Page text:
Frequently Asked Questions

Q. I have a large mirror in my dining room. Do I need to take it out before you re-roof my home?

A: It is a good idea to remove any large or expensive mirrors and pictures from your walls to avoid them possibly falling and becoming damaged.
Please talk with your Keith Green Construction Project Manager about any special concerns.

Q. Can you re-roof my house if it’s raining?

A: Yes, if you’re having a second layer of composition shingles installed.
However, if we are tearing-off your existing roofing we do need to schedule the work for a dry day.

Q. There are some broken tree branches and leaf piles on my roof; do I need to remove them ?

A: Fallen tree branches can damage shingles and other roofing materials. Leaves can retain moisture and can cause rot. Leaves that fall into gutters can block drainage. Your roof should be kept clear of debris.
Keith Green Construction offers roof inspections to help you identify necessary roof repairs and maintenance.

Q. My roof is missing a couple of shingles. How important is it to replace the shingles ?

A: The key to a roof’s effectiveness is complete protection. When your roof has missing or damaged shingles, the roof structure and home interior are vulnerable to water damage. Missing or damaged shingles should be replaced as soon as possible.
Keith Green Construction has many shingle styles and colors available for prompt repairs.

Q. How do I know if I need a tear-off and re-roof, or can just have another layer of shingles on my house ?

A: The current number of layers on your roof will be the primary deciding factor. If your roof currently has only one layer, you can consider a second layer.
However, if your home already has two or more layers or if structural damage is suspected, you’ll need to have all of the roofing removed before having new roofing installed.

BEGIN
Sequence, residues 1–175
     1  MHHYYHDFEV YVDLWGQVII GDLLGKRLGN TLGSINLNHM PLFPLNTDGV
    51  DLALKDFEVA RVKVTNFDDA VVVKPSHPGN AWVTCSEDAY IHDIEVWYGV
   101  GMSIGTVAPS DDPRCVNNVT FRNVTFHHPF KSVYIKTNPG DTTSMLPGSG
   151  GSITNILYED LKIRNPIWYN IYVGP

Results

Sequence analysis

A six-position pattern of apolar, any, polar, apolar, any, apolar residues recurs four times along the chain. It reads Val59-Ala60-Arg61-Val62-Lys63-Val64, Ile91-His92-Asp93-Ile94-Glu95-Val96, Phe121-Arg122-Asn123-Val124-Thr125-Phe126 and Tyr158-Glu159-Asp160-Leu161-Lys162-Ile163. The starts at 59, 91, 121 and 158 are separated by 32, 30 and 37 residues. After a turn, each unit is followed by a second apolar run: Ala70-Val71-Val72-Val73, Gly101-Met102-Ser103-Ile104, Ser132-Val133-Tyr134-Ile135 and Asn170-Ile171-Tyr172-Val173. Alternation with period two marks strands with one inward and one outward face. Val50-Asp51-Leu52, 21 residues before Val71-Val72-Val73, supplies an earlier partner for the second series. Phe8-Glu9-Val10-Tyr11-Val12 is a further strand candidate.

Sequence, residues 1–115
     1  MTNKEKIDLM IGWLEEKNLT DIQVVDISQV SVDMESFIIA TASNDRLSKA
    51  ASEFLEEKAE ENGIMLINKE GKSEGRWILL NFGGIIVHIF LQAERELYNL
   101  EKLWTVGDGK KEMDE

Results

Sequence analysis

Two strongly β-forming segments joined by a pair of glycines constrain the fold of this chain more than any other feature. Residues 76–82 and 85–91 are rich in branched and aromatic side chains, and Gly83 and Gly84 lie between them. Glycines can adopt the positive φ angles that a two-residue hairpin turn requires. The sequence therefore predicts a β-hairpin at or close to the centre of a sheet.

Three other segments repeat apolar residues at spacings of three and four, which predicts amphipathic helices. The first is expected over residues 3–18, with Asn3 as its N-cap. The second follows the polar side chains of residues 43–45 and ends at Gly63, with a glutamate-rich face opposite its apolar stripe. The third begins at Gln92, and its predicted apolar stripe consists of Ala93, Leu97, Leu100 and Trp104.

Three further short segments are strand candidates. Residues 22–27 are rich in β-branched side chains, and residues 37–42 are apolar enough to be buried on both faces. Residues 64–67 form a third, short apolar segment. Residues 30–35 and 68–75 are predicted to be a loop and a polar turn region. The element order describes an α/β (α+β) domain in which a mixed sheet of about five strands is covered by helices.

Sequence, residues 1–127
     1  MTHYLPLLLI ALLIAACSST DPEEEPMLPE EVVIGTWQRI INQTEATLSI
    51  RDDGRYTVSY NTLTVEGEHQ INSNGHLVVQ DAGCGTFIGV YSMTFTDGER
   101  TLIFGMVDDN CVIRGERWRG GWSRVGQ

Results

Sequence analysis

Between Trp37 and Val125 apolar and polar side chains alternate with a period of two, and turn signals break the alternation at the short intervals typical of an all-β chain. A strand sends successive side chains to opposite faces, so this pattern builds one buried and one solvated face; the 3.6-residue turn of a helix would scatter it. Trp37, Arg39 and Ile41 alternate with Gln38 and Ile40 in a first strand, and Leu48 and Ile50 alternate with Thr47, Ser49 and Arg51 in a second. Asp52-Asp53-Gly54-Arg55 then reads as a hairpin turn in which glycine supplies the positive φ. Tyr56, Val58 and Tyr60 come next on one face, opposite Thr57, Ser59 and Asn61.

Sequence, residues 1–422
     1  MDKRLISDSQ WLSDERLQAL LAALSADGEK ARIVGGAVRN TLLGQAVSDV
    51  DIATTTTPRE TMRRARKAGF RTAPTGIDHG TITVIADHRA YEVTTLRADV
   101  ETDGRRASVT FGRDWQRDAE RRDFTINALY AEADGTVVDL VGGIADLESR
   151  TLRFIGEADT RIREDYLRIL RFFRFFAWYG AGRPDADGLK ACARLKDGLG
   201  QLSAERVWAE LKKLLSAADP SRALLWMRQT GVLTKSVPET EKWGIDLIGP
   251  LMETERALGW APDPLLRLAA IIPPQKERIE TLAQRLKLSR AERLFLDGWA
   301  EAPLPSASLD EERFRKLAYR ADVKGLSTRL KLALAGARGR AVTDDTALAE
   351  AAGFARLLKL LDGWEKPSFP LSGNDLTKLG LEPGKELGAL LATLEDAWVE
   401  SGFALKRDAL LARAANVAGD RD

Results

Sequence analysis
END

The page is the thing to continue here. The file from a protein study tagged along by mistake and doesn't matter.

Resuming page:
This can be especially beneficial to the life of your roof because any underlying structural repairs, such as dry rot or water damage, can be repaired at that time.
Keith Green Construction can tell you what’s best for your roof.

Q. What is Class A Fire Rating ?

A: Roof assemblies play important roles in buildings’ overall abilities to resist fires. For this reason, building codes generally require buildings’ roof assemblies to meet specific fire resistance characteristics. Roof assemblies typically are required to resist the spread of fires originating from buildings’ exteriors and interiors. The specific degree of fire resistance required primarily is based on a buildings construction, occupancy and location.
Roof assemblies’ abilities to resist fires originating on buildings’ exteriors are determined by subjecting representative small-scale specimens of roof assemblies to laboratory testing using one of several recognized standard test methods: ASTM E108, “Standard Test Methods for Fire Tests of Roof Coverings”; UL 790, “Standard for Tests for Fire Resistance of Roof Covering Materials”; or FM 4470, “Approval for Class I Roof Covers.” These test methods provide the basis for Class A, Class B and Class C for fire ratings.
Class A-rated roof assemblies are effective against severe fire test exposure. A “Class A” fire rating is the most stringent rating available for exterior fire resistance. Class B-rated roof assemblies are effective against moderate fire test exposure. A Class C fire rating is the least stringent rating available for exterior fire resistance. If a roof assembly cannot pass the Class C criteria, it typically is considered to be non-classified.”
(Understanding Fire Ratings, by Mark S. Graham, NRCA Associate Executive Director of Technical Services)